A quintessential example of this is a very attractive woman, with an extremely unattractive guy that likely happens to be a very sweet dude.Now, the good-looking girl is clearly the settler because she certainly, at least looks wise, could do much better than her current boyfriend.However, – and this is important – he already knows he is reaching with her, so he's constantly showering her with love through compliments, gifts, general lovey stuff, and attention.
Every relationship has what “How I Met Your Mother” has dubbed a settler and a reacher.
In other words, one person in the relationship settles for the other, who is involved in a relationship with someone out of his or her league, the settler.
The woman he started dating is very well off but even after his plea to not get attached, she got attached.
She is the reacher because she was trying hard to change his mind or impress him so that he would settle down with her. During my time dating, there was a long period where I had no interest in settling down or getting married.
Now, I'm sure you have all heard of this phenomenon before, but I'd like to elaborate a bit on my feelings about this dating pattern.
In every dating environment, whether it be casual, exclusive, or hell, even an engagement, one partner is the settler and the other is the reacher.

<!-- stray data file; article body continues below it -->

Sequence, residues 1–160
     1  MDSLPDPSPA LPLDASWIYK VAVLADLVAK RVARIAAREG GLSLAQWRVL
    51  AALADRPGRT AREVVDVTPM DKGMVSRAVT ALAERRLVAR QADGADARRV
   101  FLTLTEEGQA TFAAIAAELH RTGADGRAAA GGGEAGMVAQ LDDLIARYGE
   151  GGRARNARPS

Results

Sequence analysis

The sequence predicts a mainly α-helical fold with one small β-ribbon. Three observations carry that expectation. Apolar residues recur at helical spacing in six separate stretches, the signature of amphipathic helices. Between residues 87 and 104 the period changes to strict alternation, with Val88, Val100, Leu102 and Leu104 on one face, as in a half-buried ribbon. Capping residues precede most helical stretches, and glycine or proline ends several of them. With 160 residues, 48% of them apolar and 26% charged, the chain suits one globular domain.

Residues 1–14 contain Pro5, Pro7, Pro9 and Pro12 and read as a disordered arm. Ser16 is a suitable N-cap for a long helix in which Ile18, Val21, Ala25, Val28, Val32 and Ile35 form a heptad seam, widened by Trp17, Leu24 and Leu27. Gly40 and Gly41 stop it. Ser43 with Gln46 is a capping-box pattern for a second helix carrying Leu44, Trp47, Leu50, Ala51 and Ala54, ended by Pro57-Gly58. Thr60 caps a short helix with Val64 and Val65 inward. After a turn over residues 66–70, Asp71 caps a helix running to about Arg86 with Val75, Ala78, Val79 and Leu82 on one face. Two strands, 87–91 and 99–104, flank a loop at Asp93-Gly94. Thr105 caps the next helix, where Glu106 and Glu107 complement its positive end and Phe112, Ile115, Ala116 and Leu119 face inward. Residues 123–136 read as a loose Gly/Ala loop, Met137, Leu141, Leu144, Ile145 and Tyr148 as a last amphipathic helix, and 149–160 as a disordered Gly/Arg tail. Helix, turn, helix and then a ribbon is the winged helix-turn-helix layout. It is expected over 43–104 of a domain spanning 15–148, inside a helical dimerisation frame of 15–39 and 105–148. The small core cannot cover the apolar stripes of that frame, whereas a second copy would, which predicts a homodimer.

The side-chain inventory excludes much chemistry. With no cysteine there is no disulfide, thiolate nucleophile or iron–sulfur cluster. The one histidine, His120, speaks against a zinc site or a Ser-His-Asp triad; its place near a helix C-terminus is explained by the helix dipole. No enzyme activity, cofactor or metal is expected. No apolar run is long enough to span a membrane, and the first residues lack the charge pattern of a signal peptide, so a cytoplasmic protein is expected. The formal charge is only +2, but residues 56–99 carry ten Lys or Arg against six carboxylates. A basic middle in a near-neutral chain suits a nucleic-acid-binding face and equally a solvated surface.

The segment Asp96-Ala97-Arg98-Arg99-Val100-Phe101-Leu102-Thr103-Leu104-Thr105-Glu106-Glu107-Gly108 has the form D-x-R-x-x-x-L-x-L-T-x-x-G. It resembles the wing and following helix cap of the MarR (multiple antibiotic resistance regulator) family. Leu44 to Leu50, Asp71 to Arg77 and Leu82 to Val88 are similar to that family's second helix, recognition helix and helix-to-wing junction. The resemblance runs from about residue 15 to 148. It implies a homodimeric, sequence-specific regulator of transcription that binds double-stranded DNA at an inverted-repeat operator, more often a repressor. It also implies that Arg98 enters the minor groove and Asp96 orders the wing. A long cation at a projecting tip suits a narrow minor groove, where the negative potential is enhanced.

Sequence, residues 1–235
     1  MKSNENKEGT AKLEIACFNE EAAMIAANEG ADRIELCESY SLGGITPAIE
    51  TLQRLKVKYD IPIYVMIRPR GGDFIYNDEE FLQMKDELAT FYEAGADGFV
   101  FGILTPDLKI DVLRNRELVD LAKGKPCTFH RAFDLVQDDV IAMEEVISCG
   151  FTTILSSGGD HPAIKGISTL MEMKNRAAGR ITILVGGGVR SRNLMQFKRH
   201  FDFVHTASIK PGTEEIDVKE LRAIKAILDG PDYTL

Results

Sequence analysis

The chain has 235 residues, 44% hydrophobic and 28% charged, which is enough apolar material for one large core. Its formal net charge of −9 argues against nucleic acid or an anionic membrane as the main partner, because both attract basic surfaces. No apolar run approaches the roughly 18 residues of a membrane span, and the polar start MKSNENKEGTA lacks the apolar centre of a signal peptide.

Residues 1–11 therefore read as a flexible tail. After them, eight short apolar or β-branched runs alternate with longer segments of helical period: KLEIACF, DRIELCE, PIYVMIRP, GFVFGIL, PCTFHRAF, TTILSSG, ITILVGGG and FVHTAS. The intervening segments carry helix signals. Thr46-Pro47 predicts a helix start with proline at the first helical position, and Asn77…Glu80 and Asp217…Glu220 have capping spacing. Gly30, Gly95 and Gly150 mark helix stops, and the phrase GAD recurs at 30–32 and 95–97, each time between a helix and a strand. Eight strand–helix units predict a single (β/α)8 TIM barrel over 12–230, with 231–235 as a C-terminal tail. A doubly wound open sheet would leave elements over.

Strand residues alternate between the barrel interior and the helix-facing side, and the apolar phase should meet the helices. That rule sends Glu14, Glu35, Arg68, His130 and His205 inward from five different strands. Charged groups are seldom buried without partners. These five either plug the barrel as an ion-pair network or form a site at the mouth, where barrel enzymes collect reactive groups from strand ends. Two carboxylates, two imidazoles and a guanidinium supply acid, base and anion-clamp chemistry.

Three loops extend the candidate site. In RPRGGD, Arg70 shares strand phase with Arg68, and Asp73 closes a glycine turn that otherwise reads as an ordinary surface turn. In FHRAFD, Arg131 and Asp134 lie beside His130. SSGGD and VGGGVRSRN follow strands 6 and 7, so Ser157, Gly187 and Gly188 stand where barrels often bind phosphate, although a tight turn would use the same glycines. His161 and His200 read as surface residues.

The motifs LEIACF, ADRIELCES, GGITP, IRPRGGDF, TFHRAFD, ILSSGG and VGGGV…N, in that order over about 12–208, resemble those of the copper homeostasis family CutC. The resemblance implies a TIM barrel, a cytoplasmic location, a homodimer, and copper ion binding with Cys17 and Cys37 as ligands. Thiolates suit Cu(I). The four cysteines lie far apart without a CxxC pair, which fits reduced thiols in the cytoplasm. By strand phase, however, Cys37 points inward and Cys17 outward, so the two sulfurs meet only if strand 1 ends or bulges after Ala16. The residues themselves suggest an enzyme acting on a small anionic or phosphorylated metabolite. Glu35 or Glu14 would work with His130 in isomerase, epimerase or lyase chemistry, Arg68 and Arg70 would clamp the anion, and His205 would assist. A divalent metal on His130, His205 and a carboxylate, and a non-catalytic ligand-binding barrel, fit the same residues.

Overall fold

Men’s self-help (which The Passion Trap‘s limiting definitions falls under) often gravitates towards this overly black and white dichotomy of “this is exactly how things are, with no variation.” In chasing after certainty, subtlety and nuance gets lost. One of you might feel that the other is more physically attractive.
Maybe your partner brings more emotional durability to the table.
Put simply, the reacher is the one who’s dating up and out of his/her league, and the settler is the one who’s dating down, and who’s settled for less. I’ve had my fair share of failed relationships and looking back, it was probably precisely this toxic mentality that caused my relationships to end.
There’s always the one person who’s reaching, trying to be like or be better than the other and eventually, it comes to a point when both parties get sick of it; the constant comparisons permeate every interaction within the course of the relationship so that eventually, love becomes the casualty.
He has been adamant about not having a relationship.